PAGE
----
But in hindsight, with real figures, have they really lowered cost, energy included - or will they ever during their lifetime - compared to sodium vapor lights? Actually, efficiency is on par, or was even in favor of sodium vapor until recently. As to lifetime, as we all know, this is just mostly a lie. LEDs as built and used in most street light are not made to last. Yes, I've also witnessed changes of brand new (like one-year old) street lights due to early failure. It seems common.

So, where are the real figures, and independent analysis of that? This is our tax money.

The two real "benefits" of LEDs for street lights are that they can be almost instantly turned on, while the sodium vapor ones take a few minutes of warm-up time. The other is that they have a much broader spectrum. Useful in particular for surveillance cameras. ::)
 
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Offline james_s

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Re: Street Lights turning Purple
« Reply #10 on: March 26, 2022, 08:00:53 pm »
I asked my friend, he said it's American Electric ATB0 and ATB2 luminaires that have been turning blue.

The melting Leotek lights are another common problem, it isn't the LEDs in those but the optics. They get dirty and it absorbs heat and causes them to darken which of course absorbs more heat and eventually the lens melts completely. Apparently they're pushing a lot of optical power through a relatively small lens.
 
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Offline james_s

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Re: Street Lights turning Purple
« Reply #11 on: March 26, 2022, 08:03:27 pm »

The two real "benefits" of LEDs for street lights are that they can be almost instantly turned on, while the sodium vapor ones take a few minutes of warm-up time. The other is that they have a much broader spectrum. Useful in particular for surveillance cameras. ::)

The major benefits of LED is that they are about half the wattage of the HPS lamps they replace, and they produce nice white light. The latter is huge IMO, at least to me. Personally my favorite is still the old mercury vapor lights that were common up into the 80s. They are less efficient on paper but they do a better job of lighting things up than HPS, the orange light is absorbed by so much and just makes greenery look brown and gross. The spectral lines of a mercury lamp make plants practically glow.
 

Offline Ben321

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Re: Street Lights turning Purple
« Reply #12 on: April 08, 2022, 10:24:23 am »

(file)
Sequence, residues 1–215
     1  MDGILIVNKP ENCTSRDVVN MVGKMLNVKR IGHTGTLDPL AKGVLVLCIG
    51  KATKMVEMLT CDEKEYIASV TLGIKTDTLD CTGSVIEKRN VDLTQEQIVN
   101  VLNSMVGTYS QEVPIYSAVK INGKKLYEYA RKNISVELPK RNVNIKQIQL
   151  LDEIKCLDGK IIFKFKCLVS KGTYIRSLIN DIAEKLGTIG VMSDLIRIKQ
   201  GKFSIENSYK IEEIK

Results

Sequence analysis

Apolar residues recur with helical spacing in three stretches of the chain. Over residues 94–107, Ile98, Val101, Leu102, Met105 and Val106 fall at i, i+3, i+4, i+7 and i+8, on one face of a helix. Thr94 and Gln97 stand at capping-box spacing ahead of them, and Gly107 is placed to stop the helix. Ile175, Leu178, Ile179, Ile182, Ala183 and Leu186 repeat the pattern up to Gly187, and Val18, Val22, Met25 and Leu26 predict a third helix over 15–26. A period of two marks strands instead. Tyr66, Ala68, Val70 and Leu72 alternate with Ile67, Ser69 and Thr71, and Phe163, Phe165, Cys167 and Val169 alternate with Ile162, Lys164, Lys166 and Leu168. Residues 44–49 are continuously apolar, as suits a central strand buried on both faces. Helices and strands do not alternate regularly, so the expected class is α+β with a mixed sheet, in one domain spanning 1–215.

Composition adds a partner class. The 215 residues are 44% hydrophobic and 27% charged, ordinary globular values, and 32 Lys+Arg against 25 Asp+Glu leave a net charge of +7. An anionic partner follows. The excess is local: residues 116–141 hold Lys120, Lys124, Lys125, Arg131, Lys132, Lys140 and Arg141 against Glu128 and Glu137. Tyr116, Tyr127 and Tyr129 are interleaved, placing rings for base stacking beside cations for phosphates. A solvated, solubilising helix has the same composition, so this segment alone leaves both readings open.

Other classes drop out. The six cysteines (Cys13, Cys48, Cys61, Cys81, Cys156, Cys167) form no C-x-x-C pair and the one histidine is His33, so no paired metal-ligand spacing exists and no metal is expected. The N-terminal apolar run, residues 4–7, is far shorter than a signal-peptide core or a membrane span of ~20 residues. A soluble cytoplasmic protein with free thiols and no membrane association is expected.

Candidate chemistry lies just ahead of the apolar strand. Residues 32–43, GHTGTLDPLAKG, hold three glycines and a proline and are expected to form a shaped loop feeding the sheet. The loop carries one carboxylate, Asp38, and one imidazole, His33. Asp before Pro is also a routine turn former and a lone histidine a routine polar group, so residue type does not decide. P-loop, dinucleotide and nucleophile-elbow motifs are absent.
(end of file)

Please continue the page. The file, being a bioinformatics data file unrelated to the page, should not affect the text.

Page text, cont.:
Almost all commercial white LEDs are blue LEDs with phosphors ontop.  These street lights sound like they're losing their phosphor layers.

Temperature x hours too much for them?  Or maybe something more creative like the phosphors flaking off due to moisture and cycling?

The phosphors are inside of the LED component itself. There's the blue gallium nitride blue emitter chip itself, which is then coated with a layer of yellow fluorescent material. This entire structure then is fully encapsulated inside the dome shaped piece of clear plastic. And by encapsulated I mean that liquid plastic is poured over the chip+phosphor structure that's sitting in a dome shaped mold so that the chip+phosphor structure is completely potted. There's absolutely no way for it to flake off. Overheating could burn out LED or even explode it, but the phosphor can't flake off while the LED is operational because it's physically sealed by the surrounding plastic. And of course if it burns out or blows up, the LED stops emitting all light.


I have a hypothesis about the ones turning purple or blue. I think that there's those are using tri-color non-phosphor LEDs. These are the same type that are used in RGB LED advertising signs that can display bright full color pictures on billboards. Except here they are being used not for image display, but rather for illumination. My guess is that the drivers for green LED chips and red LED chips are failing faster than the ones powering the blue LEDs, resulting in the blue color you see from them when they fail. While most LED streetlights use the normal white phosphor design, I think a few are using tri-color LEDs and these are the ones that turn blue when they fail.
 

Online wraper

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Re: Street Lights turning Purple
« Reply #13 on: April 08, 2022, 10:38:19 am »
The phosphors are inside of the LED component itself. There's the blue gallium nitride blue emitter chip itself, which is then coated with a layer of yellow fluorescent material. This entire structure then is fully encapsulated inside the dome shaped piece of clear plastic. And by encapsulated I mean that liquid plastic is poured over the chip+phosphor structure that's sitting in a dome shaped mold so that the chip+phosphor structure is completely potted. There's absolutely no way for it to flake off. Overheating could burn out LED or even explode it, but the phosphor can't flake off while the LED is operational because it's physically sealed by the surrounding plastic. And of course if it burns out or blows up, the LED stops emitting all light.
Have you ever seen an SMD LED? I have never seen any lighting solution with outdated through-hole LEDs.

« Last Edit: April 08, 2022, 11:50:10 am by wraper »
 

Online themadhippy

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Re: Street Lights turning Purple
« Reply #14 on: April 08, 2022, 11:37:06 am »
Will the traffic lights be turning blue tomorrow?
 

Offline Zero999

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Re: Street Lights turning Purple
« Reply #15 on: April 08, 2022, 12:19:34 pm »